It’s a little-known fact that dogs will naturally migrate to where food or rewards occur. Many trainers don’t take advantage of this tendency, which is unusual, especially considering it’s so simple and easy to achieve quick results with appropriate food placement.
Taking advantage of food placement is particularly relevant when teaching distance behaviours. If you want your dog to perform behaviours at a distance, then your rewards should also take place at a distance.
While I plan to blog in more detail about food placement in training at a later date, I have created a video which illustrates the process in teaching a distance drop with the food placement method alone, using my girl Myrtle.
This is a brief summary of the method:
- Before you start, the dog should first have a pretty firm understanding of ‘drop’. In this example, Myrtle knew that ‘drop’ meant elbows and hocks on the ground. (However, her understanding was a bit loose and we probably needed more practice before starting distance training!)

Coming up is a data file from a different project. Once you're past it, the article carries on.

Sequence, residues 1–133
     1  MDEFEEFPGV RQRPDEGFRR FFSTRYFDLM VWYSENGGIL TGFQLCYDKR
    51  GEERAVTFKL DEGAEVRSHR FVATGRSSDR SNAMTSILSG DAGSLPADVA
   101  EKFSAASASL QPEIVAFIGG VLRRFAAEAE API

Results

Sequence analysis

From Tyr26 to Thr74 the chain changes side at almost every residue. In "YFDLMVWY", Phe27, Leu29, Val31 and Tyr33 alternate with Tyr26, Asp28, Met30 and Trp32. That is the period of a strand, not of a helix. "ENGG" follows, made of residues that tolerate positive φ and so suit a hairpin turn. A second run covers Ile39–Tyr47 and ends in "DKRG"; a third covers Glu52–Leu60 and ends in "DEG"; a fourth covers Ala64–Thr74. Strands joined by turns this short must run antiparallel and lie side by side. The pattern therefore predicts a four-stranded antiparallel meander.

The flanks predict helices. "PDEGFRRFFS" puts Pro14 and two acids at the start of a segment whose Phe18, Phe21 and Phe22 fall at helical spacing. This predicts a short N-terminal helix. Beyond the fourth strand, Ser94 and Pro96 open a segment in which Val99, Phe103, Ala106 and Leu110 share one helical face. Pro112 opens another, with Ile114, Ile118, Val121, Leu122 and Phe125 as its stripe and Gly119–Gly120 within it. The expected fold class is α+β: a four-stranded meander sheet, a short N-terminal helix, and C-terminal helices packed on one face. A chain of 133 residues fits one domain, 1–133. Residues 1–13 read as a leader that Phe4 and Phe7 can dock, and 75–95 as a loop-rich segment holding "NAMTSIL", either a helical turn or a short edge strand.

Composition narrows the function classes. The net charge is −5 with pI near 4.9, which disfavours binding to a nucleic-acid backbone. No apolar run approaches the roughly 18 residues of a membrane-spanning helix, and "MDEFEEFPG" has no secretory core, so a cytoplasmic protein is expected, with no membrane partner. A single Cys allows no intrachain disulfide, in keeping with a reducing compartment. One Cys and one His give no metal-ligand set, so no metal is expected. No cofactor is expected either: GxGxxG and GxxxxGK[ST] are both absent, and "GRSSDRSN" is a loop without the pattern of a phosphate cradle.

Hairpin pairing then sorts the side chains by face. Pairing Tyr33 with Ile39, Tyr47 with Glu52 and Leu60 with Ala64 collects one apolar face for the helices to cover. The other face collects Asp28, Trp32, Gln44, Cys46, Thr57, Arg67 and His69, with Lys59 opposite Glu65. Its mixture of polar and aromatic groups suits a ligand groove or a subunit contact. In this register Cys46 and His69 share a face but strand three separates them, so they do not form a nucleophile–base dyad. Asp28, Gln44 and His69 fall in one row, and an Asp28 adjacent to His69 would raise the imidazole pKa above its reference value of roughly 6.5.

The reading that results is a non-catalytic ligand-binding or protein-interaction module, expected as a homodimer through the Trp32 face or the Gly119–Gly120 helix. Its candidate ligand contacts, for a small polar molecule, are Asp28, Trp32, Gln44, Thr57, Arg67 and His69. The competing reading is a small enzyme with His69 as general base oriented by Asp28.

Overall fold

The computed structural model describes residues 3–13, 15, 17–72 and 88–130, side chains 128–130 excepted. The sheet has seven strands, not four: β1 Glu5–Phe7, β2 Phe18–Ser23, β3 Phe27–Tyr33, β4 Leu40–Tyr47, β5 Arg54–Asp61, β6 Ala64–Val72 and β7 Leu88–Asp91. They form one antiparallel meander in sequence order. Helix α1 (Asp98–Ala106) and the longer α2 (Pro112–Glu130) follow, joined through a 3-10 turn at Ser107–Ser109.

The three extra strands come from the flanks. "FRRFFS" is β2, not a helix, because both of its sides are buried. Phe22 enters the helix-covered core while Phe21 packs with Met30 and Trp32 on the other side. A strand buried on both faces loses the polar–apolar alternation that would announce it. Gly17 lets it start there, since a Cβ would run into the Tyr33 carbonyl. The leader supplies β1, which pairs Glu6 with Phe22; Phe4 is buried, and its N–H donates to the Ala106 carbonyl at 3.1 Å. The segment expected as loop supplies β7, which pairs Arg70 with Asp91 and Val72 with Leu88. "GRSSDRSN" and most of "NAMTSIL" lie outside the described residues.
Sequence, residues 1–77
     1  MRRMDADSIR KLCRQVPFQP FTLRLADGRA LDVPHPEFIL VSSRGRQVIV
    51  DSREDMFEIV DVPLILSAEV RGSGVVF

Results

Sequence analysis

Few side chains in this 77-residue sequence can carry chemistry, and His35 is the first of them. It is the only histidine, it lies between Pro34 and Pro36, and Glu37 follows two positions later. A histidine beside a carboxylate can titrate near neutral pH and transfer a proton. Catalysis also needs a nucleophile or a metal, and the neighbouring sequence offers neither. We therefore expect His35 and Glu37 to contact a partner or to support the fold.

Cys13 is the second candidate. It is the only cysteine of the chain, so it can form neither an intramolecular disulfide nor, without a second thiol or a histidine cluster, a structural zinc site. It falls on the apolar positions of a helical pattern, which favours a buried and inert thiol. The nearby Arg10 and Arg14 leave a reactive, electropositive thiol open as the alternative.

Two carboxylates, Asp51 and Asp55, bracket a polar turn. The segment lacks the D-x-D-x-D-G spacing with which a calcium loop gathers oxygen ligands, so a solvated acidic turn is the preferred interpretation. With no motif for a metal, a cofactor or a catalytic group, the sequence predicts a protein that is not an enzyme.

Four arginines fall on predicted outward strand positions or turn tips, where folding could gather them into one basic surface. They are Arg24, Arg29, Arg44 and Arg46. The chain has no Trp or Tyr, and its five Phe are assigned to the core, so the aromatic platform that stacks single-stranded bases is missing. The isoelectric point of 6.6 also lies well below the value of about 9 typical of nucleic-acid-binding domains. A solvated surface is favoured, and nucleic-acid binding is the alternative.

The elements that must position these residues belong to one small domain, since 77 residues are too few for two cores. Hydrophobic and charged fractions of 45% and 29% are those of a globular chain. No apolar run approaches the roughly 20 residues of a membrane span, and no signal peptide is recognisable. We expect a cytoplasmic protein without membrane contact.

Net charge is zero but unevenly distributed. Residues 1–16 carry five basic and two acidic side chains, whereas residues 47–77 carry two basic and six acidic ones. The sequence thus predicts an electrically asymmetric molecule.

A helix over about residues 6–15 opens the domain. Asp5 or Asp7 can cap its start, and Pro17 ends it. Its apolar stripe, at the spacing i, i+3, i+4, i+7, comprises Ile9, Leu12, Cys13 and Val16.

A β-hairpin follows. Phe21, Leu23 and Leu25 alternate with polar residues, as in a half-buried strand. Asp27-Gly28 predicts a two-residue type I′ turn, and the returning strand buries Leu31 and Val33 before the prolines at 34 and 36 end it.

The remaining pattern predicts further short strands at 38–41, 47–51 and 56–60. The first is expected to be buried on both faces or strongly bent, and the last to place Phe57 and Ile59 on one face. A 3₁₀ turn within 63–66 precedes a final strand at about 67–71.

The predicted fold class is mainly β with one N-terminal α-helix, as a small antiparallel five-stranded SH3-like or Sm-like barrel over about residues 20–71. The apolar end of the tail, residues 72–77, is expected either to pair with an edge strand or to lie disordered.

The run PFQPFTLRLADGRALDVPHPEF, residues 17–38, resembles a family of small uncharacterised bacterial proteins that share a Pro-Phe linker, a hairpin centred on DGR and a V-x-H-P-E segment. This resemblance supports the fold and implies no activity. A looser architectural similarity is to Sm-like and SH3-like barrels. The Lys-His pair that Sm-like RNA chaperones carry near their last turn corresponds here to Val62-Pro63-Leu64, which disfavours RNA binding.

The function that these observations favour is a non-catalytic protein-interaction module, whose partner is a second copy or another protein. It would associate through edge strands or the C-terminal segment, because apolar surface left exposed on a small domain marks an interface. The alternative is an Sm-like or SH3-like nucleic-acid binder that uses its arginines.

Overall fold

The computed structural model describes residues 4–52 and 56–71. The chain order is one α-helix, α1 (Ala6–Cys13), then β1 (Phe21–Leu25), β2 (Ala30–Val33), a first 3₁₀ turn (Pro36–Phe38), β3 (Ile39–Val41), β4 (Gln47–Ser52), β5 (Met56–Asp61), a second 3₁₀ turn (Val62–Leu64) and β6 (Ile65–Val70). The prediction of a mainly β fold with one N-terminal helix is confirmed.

- Tell the dog ‘drop’. When the dog drops, regardless of where they are positioned, the behaviour is marked (click or yes) and then a reward is thrown a distance away for the dog to pursue.
- As the dog is returning from the reward, the dog is asked to drop again. The dog will naturally move towards you (as they have a strong reinforcement history with you), and will probably action the drop in close proximity to you. This proximity doesn’t matter – you mark the behaviour, and then again throw the reward away from you.
- This process of ‘drop’, mark, and distance reward is continued. Over time, the dog will begin to perform the behaviour further and further away from you (migrating towards the reward’s placement).
- As this process takes place, you may start to undertake differential reinforcement – so only rewarding behaviours that are performed away from you, at gradually increasing distances.
And seriously, that’s it! Placing rewards is all you need to increase distance in your training.
I am not illusioned that this video is the best that Myrtle or I could do, but I hope it is suffice to illustrate the method at hand. I look forward to your comments.
Crystal at Reactive Champion described how putting thought into ball-throwing (reward placement) improved Maisy’s heeling, in her post: More Heeling.
Richard Curtis uses reward placement in one of his DVDs – but I don’t remember which one! He’s only got two, though, and I’m sure they’re both good if you wanted to buy both. Click through to Richard Curtis’ DVDs.